2014 Misano MotoGP Saturday Round Up: The Prospect Of A Rossi Win, And Mika Kallio, The Forgotten Man

It looks like we might finally have found a Yamaha track. After Mugello, Barcelona, Assen, Brno, Silverstone, all places which were supposed to favor the Yamaha, but where a Honda won, Misano looks like it could be the place where the reign of Big Red comes to an end. Jorge Lorenzo took his first pole since Motegi last year, Valentino Rossi got on the front row for the first time since Phillip Island last year, and Marc Marquez was off the front row for the first time since Barcelona, 2013. In fact, this is the first time that a Repsol Honda has been missing from the front row of the grid since Valencia 2010. That is a very long time indeed.

Jorge Lorenzo's pole nearly didn't happen. In the first sector of the lap – the tight section through the first five corners – Lorenzo made a couple of mistakes which he feared had cost him a couple of tenths. He thought about pulling in and abandoning the lap, giving it one more shot with a fresh tire if he could change it fast enough. He rejected that idea, then went on to post what he described as an 'unbelievable lap'. His first fast lap had been trumped by Andrea Dovizioso, the Ducati man making clever use of Lorenzo's slipstream. But that first lap had made the Movistar Yamaha rider realize that he was not using the ideal lines. It helped make sure his second exit counted.

While Lorenzo aced qualifying, Valentino Rossi laid down a withering pace in FP4. Fast out of the gate, the Italian's race pace was mid 1'34s in his first run, then low 1'34s in his second. More importantly, his crew made a change to the bike after his first run, which made a big improvement, and allowed him to drop his pace. Rossi described FP4 as 'a great practice', and praised the work his team had done on the bike. "We started well, the bike was good, but we improve a lot," Rossi said.

Qualifying on the front row is a big deal for Rossi. The Italian has struggled with the new qualifying format, finding it hard to push straight out of the pits, something which his rivals have been able to do. Even a second row start has proved tricky, as is evident from his standings in the BMW M Award, the MotoGP qualifying competition. He may be third in the overal championship, but in qualifying, he is down in sixth, 172 points down on the leader Marc Marquez. He has Aleix Espargaro and Andrea Dovizioso ahead of him in the M Award standings, while Stefan Bradl is just 2 points behind. Qualifying is just not Rossi's forte at the moment.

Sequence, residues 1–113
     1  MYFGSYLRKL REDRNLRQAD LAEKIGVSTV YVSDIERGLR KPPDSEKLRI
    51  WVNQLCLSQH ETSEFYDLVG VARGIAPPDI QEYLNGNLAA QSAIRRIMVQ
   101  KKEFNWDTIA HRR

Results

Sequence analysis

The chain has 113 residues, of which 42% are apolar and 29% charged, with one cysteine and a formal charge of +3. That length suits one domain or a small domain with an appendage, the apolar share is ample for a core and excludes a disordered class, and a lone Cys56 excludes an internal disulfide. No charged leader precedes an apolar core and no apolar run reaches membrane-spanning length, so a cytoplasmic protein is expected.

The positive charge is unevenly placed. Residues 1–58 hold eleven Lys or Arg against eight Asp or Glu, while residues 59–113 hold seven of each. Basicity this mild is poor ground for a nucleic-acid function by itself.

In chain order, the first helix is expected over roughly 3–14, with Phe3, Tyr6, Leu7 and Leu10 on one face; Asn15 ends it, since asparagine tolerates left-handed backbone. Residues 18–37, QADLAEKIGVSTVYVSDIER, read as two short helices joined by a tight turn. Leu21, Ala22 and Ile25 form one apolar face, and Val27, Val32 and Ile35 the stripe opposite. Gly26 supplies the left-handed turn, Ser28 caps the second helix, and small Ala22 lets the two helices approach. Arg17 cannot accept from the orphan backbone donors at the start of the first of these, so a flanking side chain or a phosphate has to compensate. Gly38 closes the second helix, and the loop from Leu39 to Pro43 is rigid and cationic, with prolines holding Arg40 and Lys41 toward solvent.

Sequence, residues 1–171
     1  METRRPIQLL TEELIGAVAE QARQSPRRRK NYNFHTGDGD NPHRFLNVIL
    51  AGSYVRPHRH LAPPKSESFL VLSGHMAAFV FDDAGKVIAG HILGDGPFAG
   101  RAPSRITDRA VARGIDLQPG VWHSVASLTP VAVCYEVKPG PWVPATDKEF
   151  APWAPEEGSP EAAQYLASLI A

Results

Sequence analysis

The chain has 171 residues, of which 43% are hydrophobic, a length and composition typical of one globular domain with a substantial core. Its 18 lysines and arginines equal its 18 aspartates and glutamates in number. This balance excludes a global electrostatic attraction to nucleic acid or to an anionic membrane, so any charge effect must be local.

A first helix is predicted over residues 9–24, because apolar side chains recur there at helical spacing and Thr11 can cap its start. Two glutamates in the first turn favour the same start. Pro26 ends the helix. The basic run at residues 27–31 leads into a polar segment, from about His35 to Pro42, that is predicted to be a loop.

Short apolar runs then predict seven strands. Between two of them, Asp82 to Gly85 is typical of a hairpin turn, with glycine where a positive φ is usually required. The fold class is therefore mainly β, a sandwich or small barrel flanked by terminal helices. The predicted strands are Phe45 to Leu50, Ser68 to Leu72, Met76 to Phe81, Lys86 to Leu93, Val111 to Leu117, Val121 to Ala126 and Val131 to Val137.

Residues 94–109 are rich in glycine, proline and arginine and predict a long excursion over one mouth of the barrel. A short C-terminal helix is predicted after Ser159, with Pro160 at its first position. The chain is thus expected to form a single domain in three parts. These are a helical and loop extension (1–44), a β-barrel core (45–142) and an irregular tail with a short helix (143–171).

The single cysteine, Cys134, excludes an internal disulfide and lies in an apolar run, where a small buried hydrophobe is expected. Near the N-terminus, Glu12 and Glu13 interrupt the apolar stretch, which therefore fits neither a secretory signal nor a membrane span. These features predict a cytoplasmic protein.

But he has the air of a winner around him at Misano. He looks committed, he is riding superbly, and he has the hand prints of his team (and the lip prints of his girlfriend and mother, and the paw prints of his dogs) on his helmet, their hands all helping to propel him forward. Rossi's main target this season was to win a race, he told the pre-event press conference on Thursday. From his demeanor, the nine-time world champion has the scent of MotoGP victory number 81 in his nostrils. Rossi is looking like a winner once again. For the first time in many races, I am finding it hard to bet against him.

Though he exudes confidence, Rossi sounded a note of caution in the press conference. "MotoGP is day-by-day, not race-by-race," he said, meaning that things can change very quickly in the premier class. That much was obvious from the difference with Friday, when both Rossi and Lorenzo struggled in the pouring rain at Misano. On Saturday, with sunny skies, decent temperatures and a dry track, it was the turn of the Hondas to have difficulty. Marquez struggled with confidence in the front end, Pedrosa suffered with a lack of traction, after the pair had been at the front in the wet on Friday. It could all change again after Sunday warm up, Rossi warned. "You never know with Marc, he is a b*****d!" Rossi laughed. "For sure he will try tomorrow more than 100%." Lorenzo's team manager Wilco Zeelenberg concurred, noting that Marquez always seemed prepared to risk that little bit extra take a win. But, Zeelenberg said, both Rossi and Lorenzo had that same motivation here at Misano, promising a genuine thriller of a race.